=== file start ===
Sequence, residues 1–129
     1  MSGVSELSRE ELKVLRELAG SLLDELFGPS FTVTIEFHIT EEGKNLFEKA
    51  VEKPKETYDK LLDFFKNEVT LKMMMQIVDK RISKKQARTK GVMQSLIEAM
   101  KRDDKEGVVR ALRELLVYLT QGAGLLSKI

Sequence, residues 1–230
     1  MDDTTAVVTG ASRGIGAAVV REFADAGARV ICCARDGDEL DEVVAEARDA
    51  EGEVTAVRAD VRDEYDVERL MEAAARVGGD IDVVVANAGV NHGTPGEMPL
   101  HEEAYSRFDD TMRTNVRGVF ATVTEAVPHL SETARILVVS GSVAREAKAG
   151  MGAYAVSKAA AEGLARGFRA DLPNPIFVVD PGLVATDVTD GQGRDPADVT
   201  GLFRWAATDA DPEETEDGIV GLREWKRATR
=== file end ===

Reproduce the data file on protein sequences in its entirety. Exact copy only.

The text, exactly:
Sequence, residues 1–129
     1  MSGVSELSRE ELKVLRELAG SLLDELFGPS FTVTIEFHIT EEGKNLFEKA
    51  VEKPKETYDK LLDFFKNEVT LKMMMQIVDK RISKKQARTK GVMQSLIEAM
   101  KRDDKEGVVR ALRELLVYLT QGAGLLSKI

Sequence, residues 1–230
     1  MDDTTAVVTG ASRGIGAAVV REFADAGARV ICCARDGDEL DEVVAEARDA
    51  EGEVTAVRAD VRDEYDVERL MEAAARVGGD IDVVVANAGV NHGTPGEMPL
   101  HEEAYSRFDD TMRTNVRGVF ATVTEAVPHL SETARILVVS GSVAREAKAG
   151  MGAYAVSKAA AEGLARGFRA DLPNPIFVVD PGLVATDVTD GQGRDPADVT
   201  GLFRWAATDA DPEETEDGIV GLREWKRATR